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Protecting your PC

The internet can be a fun place to explore, but it is important to protect your PC from the threat of viruses and other attacks.

What is a computer virus?

Computer viruses are hidden or secretive programs that you can acquire while online. They may have been programmed to copy information from your machine, damage its contents or, increasingly, to turn your computer into a 'bot', which allows hackers to use your computer to send unwanted ('spam') email to other people. Your computer can acquire a virus if you click on an attachment in a malicious email or if you click on a link to a suspect website.

When infecting a computer a virus can delete and destroy your files and it can also use your email and its address book to deliver itself to your friends and colleagues. Use the following rules to keep your computer virus free. For further information on specific viruses and threats visit the Open University - Antivirus website

The dos and don'ts of computer security
Do Don't
Install and regularly update some anti-virus software and a personal firewall Download software unless it is from a reputable source
Get the latest patches and updates for your operating system Send private information in emails, especially banking details
Regularly back up your files Buy pirate copies of software
Ensure you have the latest updates for your operating system installed Open email attachments, unless you are sure they are safe

Anti-virus software

The best way to avoid getting a virus is to install some anti-virus software. This automatically checks what you do on the internet and scans for viruses. If it spots a virus hidden in an email message or web page it disables the virus and prevents it from damaging your computer.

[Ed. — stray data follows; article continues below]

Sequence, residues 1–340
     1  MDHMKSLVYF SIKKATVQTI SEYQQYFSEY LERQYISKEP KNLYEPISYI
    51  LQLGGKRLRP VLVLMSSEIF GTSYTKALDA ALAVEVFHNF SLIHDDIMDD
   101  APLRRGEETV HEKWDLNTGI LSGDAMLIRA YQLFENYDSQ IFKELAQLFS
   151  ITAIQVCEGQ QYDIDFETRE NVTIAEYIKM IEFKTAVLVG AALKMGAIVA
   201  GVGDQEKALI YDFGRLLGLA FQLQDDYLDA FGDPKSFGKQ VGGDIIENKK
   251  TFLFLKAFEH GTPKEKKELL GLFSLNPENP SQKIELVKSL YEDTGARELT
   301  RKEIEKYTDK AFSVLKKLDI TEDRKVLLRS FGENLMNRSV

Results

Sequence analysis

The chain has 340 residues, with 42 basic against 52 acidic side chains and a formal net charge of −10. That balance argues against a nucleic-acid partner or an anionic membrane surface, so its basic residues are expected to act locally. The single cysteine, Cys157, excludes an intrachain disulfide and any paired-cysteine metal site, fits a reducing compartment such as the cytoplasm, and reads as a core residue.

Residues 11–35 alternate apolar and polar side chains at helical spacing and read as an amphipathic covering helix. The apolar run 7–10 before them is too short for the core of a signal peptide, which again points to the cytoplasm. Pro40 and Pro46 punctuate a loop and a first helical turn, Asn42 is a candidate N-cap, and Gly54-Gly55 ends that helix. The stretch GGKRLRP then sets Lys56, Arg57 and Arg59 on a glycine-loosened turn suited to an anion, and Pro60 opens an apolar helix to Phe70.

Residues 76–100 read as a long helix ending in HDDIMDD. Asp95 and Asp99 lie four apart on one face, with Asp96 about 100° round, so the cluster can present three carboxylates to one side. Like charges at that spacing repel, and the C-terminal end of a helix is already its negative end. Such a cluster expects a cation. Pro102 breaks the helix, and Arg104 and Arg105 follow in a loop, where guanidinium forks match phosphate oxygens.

New computers are frequently supplied with a free three-month trial of anti-virus software for which you can pay to continue using after this period. There are also a number of free anti-virus packages.

It is also important to keep the software up to date so new threats are detected. Anti-virus software will often automatically prompt you to update it, which involves connecting to the internet and downloading specific files.

Firewalls

A firewall is a barrier between your computer and the rest of the internet. It monitors data passing between your computer and the internet and checks it against a set of 'rules'. The rules you set up will protect you from hackers (people who try to access other computers illegally) and the programs they write, such as worms and viruses.

Both Windows XP and Vista have a firewall but it's important to check that it is turned on.

A firewall can occasionally prevent some essential activity, such as downloading a legitimate file. However, you can turn it off temporarily or adjust the level of security to a lower setting for a while.

Firewalls and other types of security features are usually integrated into modern security software suites.